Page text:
Editor’s Note: Following up on last week’s post about the Alcoholics Anonymous National Archives Workshop, Points this week welcomes the comments of Guest Blogger Ernie Kurtz, the author of Not-God: A History of Alcoholics Anonymous (1979) and the pre-eminent historian of AA– a title that, as he notes below, he is eager to shed.
“What is AA history?” It is (at least) two things: (1) the story of the AA fellowship and its program from its founding in 1935 to the present, as researched, examined, and studied according to the canons of historical investigation; and (2) the equally ongoing research into and investigation of AA antiquities – details apparently only marginally related to the continuing story but of interest to hobbyists and antiquarians. To its credit, the “AA History Lovers” listserv (founded by Nancy Olson in 2000 and maintained by Glenn Chesnut of the Hindsfoot Foundation) generously serves both.
Both kinds of AA history are valuable to understanding the fellowship – perhaps moreso than is the case with many other phenomena that have similarly enthusiastic followers. For one never knows when an apparently context-less antiquity—a stray newspaper article, an amateur publication—will shed sudden new light on a previously ignored aspect of AA’s continuing story, something that may even have resonance for how some practice its program today.
Let me illustrate with examples of each of the three phenomena mentioned: the strictly historical, the pretty solidly antiquarian, and items that straddle those categories.
First, we have strict historical investigation: what actually happened when the struggling fellowship met in Akron in October of 1937 to decide whether to act on co-founder Bill Wilson’s plans for hospitals, paid “missionaries,” and a book? The answer has implications for how we understand AA’s commitment to “forever non-professional” mutual aid. Available evidence suggests that the pages covering those key days in 1937 have been removed from the diary of Wilson’s wife Lois. What can we piece together from what we know of Lois’s diarying habits and other comments on that meeting, then and later? Can more information be found about either of these?
In the second, antiquarian, category there is the precise location of the grave of Henrietta Seiberling, the Akron matron who introduced co-founders Wilson and Dr. Bob Smith. Thanks to recent geo-spacing technology, we now have its precise latitudinal and longitudinal coordinates. Fascinating information, to some, but not strictly “history.” And yet . . . .Similarly, what about the arrangement of the furniture in the great room at Stepping Stones, Bill and Lois Wilson’s Westchester home, and the tid-bit that Bill Wilson often lay on the floor near the heating register during conversations with guests. Was Bill chilled? Or is this another example of what Henrietta Seiberling acerbically described as Bill’s habit of “never standing when he could sit, never sitting when he could lie down?” And if either of those, so what?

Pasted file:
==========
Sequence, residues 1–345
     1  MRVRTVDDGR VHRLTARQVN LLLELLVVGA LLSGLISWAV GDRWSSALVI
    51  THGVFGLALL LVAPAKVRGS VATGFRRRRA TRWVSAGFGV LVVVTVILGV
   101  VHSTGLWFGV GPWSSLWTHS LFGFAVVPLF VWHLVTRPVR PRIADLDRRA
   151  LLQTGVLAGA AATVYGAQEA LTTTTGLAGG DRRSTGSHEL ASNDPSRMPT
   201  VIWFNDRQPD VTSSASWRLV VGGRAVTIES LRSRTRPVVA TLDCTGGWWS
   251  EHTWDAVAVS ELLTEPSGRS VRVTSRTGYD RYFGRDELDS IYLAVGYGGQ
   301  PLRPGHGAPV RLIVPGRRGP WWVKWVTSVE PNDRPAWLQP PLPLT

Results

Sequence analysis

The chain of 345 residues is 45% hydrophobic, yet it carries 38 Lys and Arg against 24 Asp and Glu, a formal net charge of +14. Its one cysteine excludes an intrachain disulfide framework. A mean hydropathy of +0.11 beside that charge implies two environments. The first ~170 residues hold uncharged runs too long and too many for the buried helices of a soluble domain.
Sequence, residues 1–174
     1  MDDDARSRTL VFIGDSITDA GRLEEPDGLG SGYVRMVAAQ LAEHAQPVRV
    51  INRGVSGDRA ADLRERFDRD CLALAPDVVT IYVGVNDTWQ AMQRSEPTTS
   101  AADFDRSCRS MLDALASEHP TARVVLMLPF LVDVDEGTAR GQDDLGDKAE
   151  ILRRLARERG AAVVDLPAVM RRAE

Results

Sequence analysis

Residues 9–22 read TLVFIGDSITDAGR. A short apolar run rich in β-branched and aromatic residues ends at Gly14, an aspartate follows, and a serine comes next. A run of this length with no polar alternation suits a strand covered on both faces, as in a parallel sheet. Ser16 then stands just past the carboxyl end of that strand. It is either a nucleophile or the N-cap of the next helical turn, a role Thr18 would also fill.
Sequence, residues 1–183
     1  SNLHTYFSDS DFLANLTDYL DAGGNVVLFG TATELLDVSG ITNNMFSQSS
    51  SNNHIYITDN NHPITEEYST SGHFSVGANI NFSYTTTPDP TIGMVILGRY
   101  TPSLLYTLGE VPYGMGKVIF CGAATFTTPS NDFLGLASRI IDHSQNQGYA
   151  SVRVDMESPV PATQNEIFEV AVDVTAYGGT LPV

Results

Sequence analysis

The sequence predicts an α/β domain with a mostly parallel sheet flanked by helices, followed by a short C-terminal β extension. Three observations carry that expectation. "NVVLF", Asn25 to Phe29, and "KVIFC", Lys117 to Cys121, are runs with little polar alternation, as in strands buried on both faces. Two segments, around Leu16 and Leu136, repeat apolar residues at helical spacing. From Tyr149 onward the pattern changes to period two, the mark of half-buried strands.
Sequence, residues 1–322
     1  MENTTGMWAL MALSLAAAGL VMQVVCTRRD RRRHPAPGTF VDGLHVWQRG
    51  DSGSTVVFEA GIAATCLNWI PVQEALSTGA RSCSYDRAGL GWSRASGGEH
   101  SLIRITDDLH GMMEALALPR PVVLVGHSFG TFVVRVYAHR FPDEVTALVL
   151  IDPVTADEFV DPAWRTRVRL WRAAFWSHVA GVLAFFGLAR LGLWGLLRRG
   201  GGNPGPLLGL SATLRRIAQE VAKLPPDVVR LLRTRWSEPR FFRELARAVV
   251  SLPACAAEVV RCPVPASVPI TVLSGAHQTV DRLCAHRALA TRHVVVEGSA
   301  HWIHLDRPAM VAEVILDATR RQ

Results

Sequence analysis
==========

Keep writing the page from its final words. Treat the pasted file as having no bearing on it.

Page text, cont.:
Finally, those details that sit between the historical and the antiquarian. Now that we have a pretty good idea exactly what books were in the library of co-founder Dr. Bob Smith, can we locate any evidence as to which he read, which he read more than once, and which he particularly loved? “Petty” details like this offer valuable insights into the intellectual traditions that informed AA. Or what about the travel itineraries of the early AA members who were in sales. Can we find more of those, or get more detail about the few that we do have? How AA came to some locations, and how the fellowship spread within them and the surrounding area is still a blank for many places. Establishing with some certainty the migratory habits of early AAs might help to explain commonalities in the way AA is practiced across the nation and around the globe.
For this historian, aged and disabled beyond the requirements of strictly historical research, thinking about that third category arouses the greatest interest: how to harvest the work of the cadre of diligent AA antiquarians in ways that will illuminate our growing knowledge of AA history? When does an apparently miscellaneous fact become the key missing piece in some yet unfinished picture of the early fellowship?
Finally, a confession: I find it almost embarrassing that Not-God remains regarded as “the authoritative” history of Alcoholics Anonymous. That book is now 32 years old! A significant number of the members of at least one AA group here in Ann Arbor are younger than that. And so much has been learned in the interim–some from smaller histories, more from the ceaseless digging by committed antiquarian researchers. I have large hopes that a person who recently completed a film on AA history will now turn to writing a totally new history of the fellowship and its program. We really need one. For history flows: it never stands still. Given the realities of human nature, there is always more to learn. “The whole truth,” about anything, is never available as we trudge this earthly path. And that is not a sadness, but a joy – an ever-present invitation and urging to study that which we love, on any level, from any perspective. The only requirement for how this works is, unsurprisingly, honesty.